From Threat to Opportunity At a time of exponential growth across Africa, the United States stands to significantly benefit from growing trade and lasting alliances on the continent if it positions itself strategically today. By John Norris and Carolyn Kenney Foreign Policy and Security

Introduction and summary

The continent of Africa is enormously diverse. Africa includes 54 countries and more than 1.2 billion people.1 According to U.N. estimates, Africa may hold up to a third of the world’s entire population by 2100.2 Africa encompasses a remarkable range of geography, language, culture, economies, and political organization.

Yet, incredibly, the United States is at a moment where some of its most senior government leaders seem to question the value of engaging on the continent in a significant and forward-looking fashion. The notion that the United States would offhandedly dismiss the importance of an entire continent should be absurd on its face, and it would be easy to write off the current posture as simply reflecting the worldview of President Donald Trump as an individual. However, the U.S. view toward Africa is more deeply embedded than President Trump.

Unfortunately, few Americans consider Africa and think about important long-term opportunities for the United States. Instead, the media and even some U.S. policymakers have all too often used the language of threat when discussing Africa, creating an oversimplified and distorted vision of the continent. Even when making the case for engaging Africa, commentators, government officials, and nongovernmental organizations have leaned heavily on issues such as refugees, infectious diseases, famine, and a general portrait of misery to make the case for U.S. involvement.

The reality is that Africa is home to some of the fastest growing markets in the world, and its potential as a dynamic future export market for U.S. goods and services is enormous.3 Around 1.5 percent of total U.S. exports are currently destined for sub-Saharan Africa, underscoring how much room for growth there is over the long term.4 In short, the United States stands to significantly benefit from growing trade and lasting alliances in Africa if it positions itself strategically today.

The United States needs to make some key investments and policy choices now to seize this opportunity. First and foremost, the United States should immediately move to staff key positions at the State Department and U.S. Agency for International Development (USAID) related to Africa.

In addition, the administration and Congress should:

  • Encourage greater economic integration across Africa—not just through trade agreements—but also by assistance and diplomacy designed to cut transport times and reduce other nontariff obstacles to goods, services, and people moving more freely on the continent
  • Renew their commitment to democracy and the rule of law at a time when Africa is demonstrating important, but uneven, progress
  • Redouble efforts to make the Power Africa initiative a success

Importantly, all of these steps not only serve Africa well, they also advance U.S. interests on a continent that is more stable, prosperous, and democratic. Until and unless the narrative shifts, and America begins viewing Africa as a place where opportunities—not just threats—exist, the United States will continue to do a grave disservice to its own interests and those of the many African nations with the potential to serve as increasingly important allies, trading partners, and sources of lively and entrepreneurial social innovation and exchange. At a time when China and Europe are also fiercely competing to engage in Africa, it is vital that the United States find itself on the right side of history by standing with those on the continent embracing free governments and markets.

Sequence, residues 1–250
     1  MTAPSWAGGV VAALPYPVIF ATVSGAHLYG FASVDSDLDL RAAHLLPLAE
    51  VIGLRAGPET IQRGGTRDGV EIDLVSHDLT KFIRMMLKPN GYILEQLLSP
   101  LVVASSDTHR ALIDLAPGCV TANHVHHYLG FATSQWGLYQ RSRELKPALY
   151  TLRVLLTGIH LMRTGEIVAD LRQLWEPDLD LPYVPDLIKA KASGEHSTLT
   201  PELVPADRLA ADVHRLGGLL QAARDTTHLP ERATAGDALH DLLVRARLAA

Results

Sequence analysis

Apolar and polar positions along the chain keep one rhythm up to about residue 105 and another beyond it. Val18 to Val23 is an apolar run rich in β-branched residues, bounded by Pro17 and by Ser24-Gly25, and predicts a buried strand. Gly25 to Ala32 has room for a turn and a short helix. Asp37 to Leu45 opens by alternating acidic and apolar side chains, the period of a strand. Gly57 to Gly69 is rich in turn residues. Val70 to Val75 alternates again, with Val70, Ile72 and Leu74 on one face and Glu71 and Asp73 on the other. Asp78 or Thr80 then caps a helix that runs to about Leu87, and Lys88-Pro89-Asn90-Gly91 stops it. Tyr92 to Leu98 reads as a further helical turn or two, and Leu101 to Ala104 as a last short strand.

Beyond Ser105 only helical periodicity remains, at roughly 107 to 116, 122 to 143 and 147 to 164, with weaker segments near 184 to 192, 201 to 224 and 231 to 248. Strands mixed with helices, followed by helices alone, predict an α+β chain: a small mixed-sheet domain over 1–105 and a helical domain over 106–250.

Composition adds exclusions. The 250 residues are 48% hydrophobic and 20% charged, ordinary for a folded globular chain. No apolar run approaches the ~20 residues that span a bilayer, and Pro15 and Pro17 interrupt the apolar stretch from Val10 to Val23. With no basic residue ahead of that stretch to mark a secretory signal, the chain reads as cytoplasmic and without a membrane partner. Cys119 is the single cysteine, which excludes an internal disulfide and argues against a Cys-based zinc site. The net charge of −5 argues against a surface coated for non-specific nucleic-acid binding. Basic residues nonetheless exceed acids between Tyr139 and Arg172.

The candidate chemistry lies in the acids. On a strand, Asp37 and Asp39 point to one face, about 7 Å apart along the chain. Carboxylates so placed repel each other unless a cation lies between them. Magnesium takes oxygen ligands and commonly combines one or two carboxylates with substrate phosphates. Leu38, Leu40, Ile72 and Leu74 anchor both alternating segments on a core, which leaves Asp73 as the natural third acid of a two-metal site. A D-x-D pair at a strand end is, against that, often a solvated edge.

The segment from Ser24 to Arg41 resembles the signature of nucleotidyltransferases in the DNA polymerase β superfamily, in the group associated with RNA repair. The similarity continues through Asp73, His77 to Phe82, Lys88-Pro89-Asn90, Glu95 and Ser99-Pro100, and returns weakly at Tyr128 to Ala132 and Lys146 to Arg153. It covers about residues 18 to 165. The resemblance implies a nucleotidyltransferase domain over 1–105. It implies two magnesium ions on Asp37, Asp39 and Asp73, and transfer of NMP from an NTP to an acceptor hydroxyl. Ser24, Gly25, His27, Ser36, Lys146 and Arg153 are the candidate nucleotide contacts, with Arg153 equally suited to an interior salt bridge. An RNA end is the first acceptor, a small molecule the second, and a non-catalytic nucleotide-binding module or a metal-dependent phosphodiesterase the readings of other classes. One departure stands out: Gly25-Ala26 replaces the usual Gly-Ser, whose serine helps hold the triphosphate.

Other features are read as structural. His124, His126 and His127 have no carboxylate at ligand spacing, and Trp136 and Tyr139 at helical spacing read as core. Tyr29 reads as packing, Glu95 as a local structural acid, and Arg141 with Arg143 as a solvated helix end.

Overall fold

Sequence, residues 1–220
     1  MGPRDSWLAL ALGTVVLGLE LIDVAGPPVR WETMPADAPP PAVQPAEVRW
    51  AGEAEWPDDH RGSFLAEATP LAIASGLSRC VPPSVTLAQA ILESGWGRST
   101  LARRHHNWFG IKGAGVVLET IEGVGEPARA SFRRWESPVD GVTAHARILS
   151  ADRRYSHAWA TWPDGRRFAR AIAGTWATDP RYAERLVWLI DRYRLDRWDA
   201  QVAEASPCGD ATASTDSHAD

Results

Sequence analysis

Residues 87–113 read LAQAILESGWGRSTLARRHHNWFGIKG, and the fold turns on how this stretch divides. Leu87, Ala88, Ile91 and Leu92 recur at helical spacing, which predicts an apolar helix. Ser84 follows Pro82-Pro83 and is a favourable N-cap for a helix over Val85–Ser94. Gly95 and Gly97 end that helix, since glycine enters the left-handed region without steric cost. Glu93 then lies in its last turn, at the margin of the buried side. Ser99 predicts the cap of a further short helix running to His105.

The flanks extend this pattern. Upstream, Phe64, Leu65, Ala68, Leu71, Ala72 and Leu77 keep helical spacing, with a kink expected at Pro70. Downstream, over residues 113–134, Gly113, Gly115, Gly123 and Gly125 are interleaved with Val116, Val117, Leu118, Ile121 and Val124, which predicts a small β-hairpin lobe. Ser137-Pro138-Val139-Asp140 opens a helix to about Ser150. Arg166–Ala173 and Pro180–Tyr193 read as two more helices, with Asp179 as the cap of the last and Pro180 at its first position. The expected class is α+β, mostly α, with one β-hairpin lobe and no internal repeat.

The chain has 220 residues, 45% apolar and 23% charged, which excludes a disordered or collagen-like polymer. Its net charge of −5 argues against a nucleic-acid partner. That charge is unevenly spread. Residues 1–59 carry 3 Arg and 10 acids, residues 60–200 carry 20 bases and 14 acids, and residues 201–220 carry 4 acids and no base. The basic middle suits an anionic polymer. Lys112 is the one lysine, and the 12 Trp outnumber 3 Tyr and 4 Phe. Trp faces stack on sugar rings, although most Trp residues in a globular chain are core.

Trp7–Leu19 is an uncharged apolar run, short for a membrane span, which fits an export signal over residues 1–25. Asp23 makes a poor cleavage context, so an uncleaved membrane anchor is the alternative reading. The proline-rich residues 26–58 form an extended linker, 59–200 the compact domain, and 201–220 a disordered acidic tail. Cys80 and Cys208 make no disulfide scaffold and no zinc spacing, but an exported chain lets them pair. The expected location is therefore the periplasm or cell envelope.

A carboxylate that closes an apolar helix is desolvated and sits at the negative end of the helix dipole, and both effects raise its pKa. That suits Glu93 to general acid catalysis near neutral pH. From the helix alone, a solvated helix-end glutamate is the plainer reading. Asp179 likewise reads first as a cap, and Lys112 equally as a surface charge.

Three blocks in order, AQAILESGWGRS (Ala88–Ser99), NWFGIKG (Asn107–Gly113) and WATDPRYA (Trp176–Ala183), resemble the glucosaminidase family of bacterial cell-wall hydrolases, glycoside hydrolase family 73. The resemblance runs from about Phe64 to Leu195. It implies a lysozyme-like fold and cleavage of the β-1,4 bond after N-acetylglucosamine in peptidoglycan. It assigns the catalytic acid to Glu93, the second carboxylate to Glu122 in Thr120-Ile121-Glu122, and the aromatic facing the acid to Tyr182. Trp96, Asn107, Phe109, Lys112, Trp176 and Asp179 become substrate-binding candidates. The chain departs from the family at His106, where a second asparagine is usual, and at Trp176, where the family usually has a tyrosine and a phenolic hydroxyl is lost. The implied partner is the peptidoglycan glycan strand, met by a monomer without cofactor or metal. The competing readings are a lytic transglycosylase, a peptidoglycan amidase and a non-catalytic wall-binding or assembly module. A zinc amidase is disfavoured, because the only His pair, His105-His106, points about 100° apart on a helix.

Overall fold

A record of relative neglect

While Africa has always struggled to break through the periphery of the broad U.S. conversation about international security, economics, and interchange, the situation has been exceedingly grim under the Trump administration. Sixteen months in, the Trump administration has no assistant secretary for Africa at the State Department—the top diplomatic position dealing with the region in the U.S. government. While the administration has recently put forward a nominee for this role,5 key U.S. ambassadorial appointments in South Africa, Tanzania, Sudan, Democratic Republic of Congo, and Nigeria, have yet to be moved forward.6 Moreover, the Trump administration has also decided to leave the special envoy position for Sudan and South Sudan vacant.7 Finally, the senior political positions at USAID dealing with development in Africa are also lacking appointments at this juncture.8

The administration’s tone was set quite early on by a series of snubs of important African officials. No senior administration official was made available to meet with Rwandan President Paul Kagame when he visited the United States in March 2017.9 In April 2017, Secretary of State Rex Tillerson invited African Union Commissioner Moussa Faki to Washington, D.C., then backed out of the meeting for no apparent reason and only notified Faki of that fact at the last minute.10

Additionally, the administration has repeatedly targeted the foreign assistance program for cuts of up to 30 percent, and the impact of these cuts would be felt disproportionately in Africa on a whole range of issues as about a third of USAID funding is spent on programs on the continent.11 The initial Trump budget request also called for zeroing out a number of important efforts, such as the Famine Early Warning System, that have been relatively low cost but very effective in preventing crises on the continent.12 The administration also suspended support for the United Nations Population Fund, a particular concern because of the unmet need for contraception and family planning.13 The importance of democracy and the rule of law has also been consistently downplayed by administration officials, and that has surely not gone unnoticed in Africa at a time when it is making steady efforts to consolidate free governance.